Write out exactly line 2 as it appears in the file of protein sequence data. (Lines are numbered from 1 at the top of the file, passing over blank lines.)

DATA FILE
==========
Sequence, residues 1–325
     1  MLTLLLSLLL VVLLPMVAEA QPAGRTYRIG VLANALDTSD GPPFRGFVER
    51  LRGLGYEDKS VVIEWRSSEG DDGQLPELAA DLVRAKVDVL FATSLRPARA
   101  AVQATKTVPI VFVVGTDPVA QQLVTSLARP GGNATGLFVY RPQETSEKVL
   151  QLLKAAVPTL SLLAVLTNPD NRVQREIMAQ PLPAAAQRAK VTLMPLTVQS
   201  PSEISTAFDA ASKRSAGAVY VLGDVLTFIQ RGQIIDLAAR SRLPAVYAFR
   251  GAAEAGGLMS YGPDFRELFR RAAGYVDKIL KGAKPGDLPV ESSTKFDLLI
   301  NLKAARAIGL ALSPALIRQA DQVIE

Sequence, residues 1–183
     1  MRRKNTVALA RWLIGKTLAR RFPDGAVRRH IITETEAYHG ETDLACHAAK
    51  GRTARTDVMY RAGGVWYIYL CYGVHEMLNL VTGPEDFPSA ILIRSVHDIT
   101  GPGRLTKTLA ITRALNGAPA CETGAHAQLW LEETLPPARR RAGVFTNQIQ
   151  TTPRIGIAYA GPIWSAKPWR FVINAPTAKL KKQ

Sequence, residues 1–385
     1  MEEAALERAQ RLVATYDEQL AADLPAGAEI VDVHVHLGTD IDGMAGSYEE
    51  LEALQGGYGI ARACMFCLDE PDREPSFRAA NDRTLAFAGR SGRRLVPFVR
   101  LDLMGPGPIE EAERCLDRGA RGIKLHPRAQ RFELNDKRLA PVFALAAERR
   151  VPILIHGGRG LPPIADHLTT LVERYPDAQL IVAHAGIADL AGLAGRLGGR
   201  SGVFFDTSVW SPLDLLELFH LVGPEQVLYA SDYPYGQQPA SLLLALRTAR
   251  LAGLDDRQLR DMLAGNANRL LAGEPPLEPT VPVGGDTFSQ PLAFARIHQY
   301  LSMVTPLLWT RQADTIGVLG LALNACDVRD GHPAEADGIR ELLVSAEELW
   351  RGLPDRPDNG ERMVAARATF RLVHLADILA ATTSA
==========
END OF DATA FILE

     1  MLTLLLSLLL VVLLPMVAEA QPAGRTYRIG VLANALDTSD GPPFRGFVER